Discussion Despite repeated on/off tests of gas exposures, the resistance responses of the sensors were very regular and periodical. Even though several studies were presented on the sensing performance of Si NWSCIENTIFIC REPORTS | 4 : 5384 | DOI: 10.1038/srep05384

based devices, to the best of our knowledge, the functionality of the graphene/Si NW heterostructure sensor in this work is extremely high, especially in the response (1280%) to the hydrogen exposure, compared to the previous report (,20%)14. The outstanding sensing properties of the molecular sensors might be caused by efficient utilization of the whole surface area of individual Si NWs. Such structural feature leads to the high on/off ratio, thereby enabling the sensors to detect even the fine change of the resistance caused by little exposure of the gas molecules. Conventional NW sensors are of a lateral configuration30,37–39, thereby limiting their sensing efficiency. In addition, the graphene electrode could also play as a role of bringing about such large and fast change of the resistance due to its extreme sensitivity to the adsorption of the gas molecules, especially on the tip part of NWs contacting with the graphene. In conclusion, wafer-scale graphene/Si-NW array heterostructures for molecular sensing were successfully fabricated to show high sensitivity of 37 and 1280% resistance changes within 3.5/0.15 and 12/0.15 s response/recovery times under O2 and H2 exposures, respectively, higher than reported before. Graphene played a key role in preventing tips of vertical Si NWs from being bundled, thereby making Si NWs stand on the Si wafer separately from each other under graphene, a critical structural feature for the uniform Schottky-type junction between Si NWs and graphene. The sensor responses were explained based on the surface-transfer doping mechanism. These results strongly suggest that the graphene/Si NW heterostructures can be adopted as various types of Si-NWbased devices such as molecular, photonic, and medical sensors over extended scales.

Methods Fabrication of vertically-aligned Si NWs. (100)-oriented p type-Si wafers (1– 10 Vcm) were cleaned by using Piranha solution (98% H2SO4, 30% H2O2, volume ratio 5 351) and then rinsed by deionized (DI) water prior to use. A close-packed monolayer of polystyrene (PS) nano-beads was assembled to have six-fold symmetry on Si wafers by PS lithography method as described below. First, a mixture solution of 4% DI water containing PS nano-beads of 100 nm diameter and ethanol (volume ratio 5 151) was dropped onto top surface of a 5 3 5 cm2 SiO2 (thickness 5 300 nm)/ Si wafer that was leaned on a petri dish filled with DI water. The dropped mixture solution was then spread on the water surface, resulting in a monolayer of PS nanobeads floating on the water. The nano-bead monolayer was packed closely by dropping a solution of sodium dodecyl sulfate on the water surface, thereby altering the surface tension, and subsequently transferred on a Si wafer and dried (Supplementary Fig. S6a). For the use of the nano-bead monolayer as a mask, RIE was done to reduce the diameter of the nano-beads to ,50 nm, which led to secure the room for making the colloidal particle arrays no longer close-packed (Supplementary Fig. S6b). In the next step, a 15 nm-thick Au thin film was deposited on the nano-bead monolayer by e-beam evaporation, resulting in the formation of Au mesh with hexagonal hole arrays of 100 nm pitch distance and 50 nm hole diameter. By removing the nano-beads in CHCl3 solution, Au mesh was formed on Si wafer (Supplementary Fig S6c)40,41. Si NW arrays were fabricated by metal-assisted chemical etching (MaCE) using Au mesh as a catalyst. The Au mesh/Si wafer was immersed in a mixture solution of HF, H2O2, and H2O (the volume ratio 5 150.551) for a suitable time, resulting in the formation of uniform Si nanowire (NW) arrays. (Supplementary Fig S6d)42 The density of Si NWs is in the range of ,1010/cm2, highest ever reported for aligned Si-NW arrays43. Finally, the Si NW arrays were dipped in aqua regia (mixture of nitric acid/hydrochloric acid with a volume ratio of 1/3) for a few minutes to remove the Au mesh and particles. Preparation and characterization of graphene. Graphene layers were grown on 70mm-thick Cu foils in a halogen-lamp-based chemical-vapour-deposition (CVD) quartz tube furnace at a growth temperature of 1000uC with 10-sccm H2 and 20-sccm CH4 flowing at a pressure of 3 Torr during growth44,45. The graphene/Cu stack was spin-coated with poly (methyl methacrylate) (PMMA), and the Cu was then etched in a 1 M ammonium persulfate for 10 h. The graphene/PMMA stack is then placed in DI water before transferring to the Si NWs. Detailed transfer process is described elsewhere46. Raman spectra were measured by using a 532 nm (,2.33 eV) laser line for excitation to check if the prepared graphene was monolayer (Supplementary Fig. S7). The Raman spectra showed a typical feature of monolayer graphene41,47: ,0.45 in the G to 2D band intensity ratio and symmetric 2D band centred at ,2680 cm21 with a full width at half-maximum (FWHM) of ,35 cm21. 1. Burda, C., Chen, X., Narayanan, R. & El-Sayed, M. A. Chemistry and properties of nanocrystals of sifferent shapes. Chem. Rev. 105, 1025–1102 (2005).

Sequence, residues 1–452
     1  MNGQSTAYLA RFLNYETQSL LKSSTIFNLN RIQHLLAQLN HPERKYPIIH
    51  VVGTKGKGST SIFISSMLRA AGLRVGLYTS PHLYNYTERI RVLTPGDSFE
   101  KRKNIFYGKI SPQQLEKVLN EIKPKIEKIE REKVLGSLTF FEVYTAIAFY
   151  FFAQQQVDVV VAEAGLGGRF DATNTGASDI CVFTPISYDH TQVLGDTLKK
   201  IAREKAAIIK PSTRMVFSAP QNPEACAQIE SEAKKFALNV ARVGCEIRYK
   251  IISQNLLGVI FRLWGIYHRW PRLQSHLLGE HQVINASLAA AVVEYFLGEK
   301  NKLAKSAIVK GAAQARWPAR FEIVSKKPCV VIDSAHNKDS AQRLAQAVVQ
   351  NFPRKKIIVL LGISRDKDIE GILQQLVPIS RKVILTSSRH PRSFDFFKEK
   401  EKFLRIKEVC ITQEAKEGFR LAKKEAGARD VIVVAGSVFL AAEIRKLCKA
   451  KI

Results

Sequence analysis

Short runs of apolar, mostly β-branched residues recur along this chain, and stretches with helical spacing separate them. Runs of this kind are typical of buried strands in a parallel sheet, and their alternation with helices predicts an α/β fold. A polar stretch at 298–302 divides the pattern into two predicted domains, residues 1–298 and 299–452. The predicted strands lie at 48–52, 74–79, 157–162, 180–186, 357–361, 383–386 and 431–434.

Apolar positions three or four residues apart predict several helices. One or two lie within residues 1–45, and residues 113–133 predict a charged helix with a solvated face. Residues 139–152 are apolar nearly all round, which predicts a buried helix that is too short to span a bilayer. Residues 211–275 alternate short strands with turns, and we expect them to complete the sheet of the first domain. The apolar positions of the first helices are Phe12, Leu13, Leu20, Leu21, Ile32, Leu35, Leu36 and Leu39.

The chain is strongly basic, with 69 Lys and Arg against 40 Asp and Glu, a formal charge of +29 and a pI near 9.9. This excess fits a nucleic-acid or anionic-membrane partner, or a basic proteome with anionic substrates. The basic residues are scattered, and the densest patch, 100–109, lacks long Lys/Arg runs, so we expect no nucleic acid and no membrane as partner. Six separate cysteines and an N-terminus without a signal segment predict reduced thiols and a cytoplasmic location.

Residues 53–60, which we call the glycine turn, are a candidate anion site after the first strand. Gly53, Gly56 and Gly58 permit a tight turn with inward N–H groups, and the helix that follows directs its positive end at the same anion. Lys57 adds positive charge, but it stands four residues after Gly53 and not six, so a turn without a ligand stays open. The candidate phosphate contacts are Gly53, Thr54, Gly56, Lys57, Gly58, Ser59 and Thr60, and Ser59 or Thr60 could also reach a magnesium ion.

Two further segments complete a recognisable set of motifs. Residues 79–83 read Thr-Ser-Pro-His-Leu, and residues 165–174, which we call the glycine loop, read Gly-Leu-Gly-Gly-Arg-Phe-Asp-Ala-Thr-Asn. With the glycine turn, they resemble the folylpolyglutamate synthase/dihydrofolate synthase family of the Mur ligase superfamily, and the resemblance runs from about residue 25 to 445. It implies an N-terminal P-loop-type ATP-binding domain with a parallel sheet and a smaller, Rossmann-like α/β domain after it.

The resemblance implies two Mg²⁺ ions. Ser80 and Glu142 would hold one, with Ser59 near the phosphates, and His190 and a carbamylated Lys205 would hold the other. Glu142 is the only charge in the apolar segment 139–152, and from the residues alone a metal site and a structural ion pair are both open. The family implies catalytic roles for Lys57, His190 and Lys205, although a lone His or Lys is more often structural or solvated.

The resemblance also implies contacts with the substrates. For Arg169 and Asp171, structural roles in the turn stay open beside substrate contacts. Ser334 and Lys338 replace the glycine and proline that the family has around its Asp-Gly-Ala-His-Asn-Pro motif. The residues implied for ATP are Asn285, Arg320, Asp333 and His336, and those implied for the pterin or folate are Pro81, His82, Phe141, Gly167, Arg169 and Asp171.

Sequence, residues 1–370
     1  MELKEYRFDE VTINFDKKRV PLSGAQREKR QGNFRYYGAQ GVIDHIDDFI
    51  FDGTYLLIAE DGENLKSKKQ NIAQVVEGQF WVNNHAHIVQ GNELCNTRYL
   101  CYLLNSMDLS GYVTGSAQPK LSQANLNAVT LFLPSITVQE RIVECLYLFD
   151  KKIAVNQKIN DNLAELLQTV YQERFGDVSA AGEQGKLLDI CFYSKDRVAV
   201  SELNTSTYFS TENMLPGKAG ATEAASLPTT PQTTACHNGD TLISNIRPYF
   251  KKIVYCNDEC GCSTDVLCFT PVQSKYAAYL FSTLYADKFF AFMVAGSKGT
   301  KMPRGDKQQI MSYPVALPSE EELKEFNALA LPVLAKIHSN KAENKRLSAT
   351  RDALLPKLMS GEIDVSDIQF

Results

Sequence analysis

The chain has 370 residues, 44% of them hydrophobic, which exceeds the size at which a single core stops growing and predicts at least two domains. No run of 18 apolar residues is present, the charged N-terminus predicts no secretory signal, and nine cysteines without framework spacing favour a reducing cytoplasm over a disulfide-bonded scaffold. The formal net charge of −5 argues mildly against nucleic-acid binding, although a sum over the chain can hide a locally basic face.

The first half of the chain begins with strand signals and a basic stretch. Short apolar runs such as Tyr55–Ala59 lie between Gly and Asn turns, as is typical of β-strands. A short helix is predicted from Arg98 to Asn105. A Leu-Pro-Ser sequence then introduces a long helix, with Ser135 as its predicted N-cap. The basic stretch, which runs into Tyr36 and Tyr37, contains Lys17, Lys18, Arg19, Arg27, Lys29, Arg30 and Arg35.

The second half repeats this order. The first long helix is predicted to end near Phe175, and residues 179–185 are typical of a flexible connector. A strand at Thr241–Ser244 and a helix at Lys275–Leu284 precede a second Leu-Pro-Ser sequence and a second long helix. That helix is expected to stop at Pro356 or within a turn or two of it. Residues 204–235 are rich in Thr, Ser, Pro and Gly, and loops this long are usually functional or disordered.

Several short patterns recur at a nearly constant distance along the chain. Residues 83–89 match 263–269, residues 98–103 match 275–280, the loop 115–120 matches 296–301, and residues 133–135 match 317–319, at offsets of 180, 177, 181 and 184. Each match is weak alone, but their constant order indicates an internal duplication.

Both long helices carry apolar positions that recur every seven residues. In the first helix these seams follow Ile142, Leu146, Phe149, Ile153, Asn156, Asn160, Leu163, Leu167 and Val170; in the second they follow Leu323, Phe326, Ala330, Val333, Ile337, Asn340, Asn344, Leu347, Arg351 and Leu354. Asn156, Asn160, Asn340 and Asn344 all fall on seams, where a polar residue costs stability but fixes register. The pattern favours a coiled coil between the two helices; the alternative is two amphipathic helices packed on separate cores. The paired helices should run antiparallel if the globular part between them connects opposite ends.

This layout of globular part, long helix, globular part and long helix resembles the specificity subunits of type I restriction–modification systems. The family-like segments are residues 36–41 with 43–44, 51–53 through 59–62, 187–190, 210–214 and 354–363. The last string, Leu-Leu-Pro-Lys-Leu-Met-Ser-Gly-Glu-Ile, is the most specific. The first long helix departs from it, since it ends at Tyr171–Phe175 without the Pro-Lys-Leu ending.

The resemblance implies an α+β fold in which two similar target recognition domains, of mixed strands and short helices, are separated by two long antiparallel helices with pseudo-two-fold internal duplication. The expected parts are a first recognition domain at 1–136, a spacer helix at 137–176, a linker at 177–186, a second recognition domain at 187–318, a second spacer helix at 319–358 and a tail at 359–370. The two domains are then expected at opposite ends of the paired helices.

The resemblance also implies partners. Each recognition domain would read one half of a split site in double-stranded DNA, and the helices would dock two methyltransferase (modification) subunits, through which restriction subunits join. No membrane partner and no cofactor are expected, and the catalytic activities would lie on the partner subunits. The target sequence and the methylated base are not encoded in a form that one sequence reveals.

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Acknowledgments This work was supported by Basic Science Research Program through the National Research Foundation of Korea (NRF) funded by the Ministry of Science, ICT & Future Planning (No. 2011-0017373).

Author contributions J.H.K. deposited graphene sheets by CVD. S.D.O. prepared patterning masks for the fabrication of well-aligned Si NWs. D.H.S. did structural characterization of graphene. J.K. fabricated Si NWs and molecular sensors, characterized performances of molecular sensors, and wrote the paper. S.K. measured the I-V characteristics. S.-H.C. initiated, supervised the work, and wrote the paper. All authors discussed the results and commented on the manuscript.

Additional information Supplementary information accompanies this paper at scientificreports Competing financial interests: Yes, there is potential Competing Interest. S.-H.C., S.K., J.K., and D.H.S. have a Korea patent pending (10-2013-0084226) on the graphene/Si-NW molecular sensor production technology, reported in this paper. How to cite this article: Kim, J. et al. Graphene/Si-nanowire heterostructure molecular sensors. Sci. Rep. 4, 5384; DOI:10.1038/srep05384 (2014). This work is licensed under a Creative Commons Attribution-NonCommercialNoDerivs 4.0 International License. The images or other third party material in this article are included in the article’s Creative Commons license, unless indicated otherwise in the credit line; if the material is not included under the Creative Commons license, users will need to obtain permission from the license holder in order to reproduce the material. To view a copy of this license, visit http://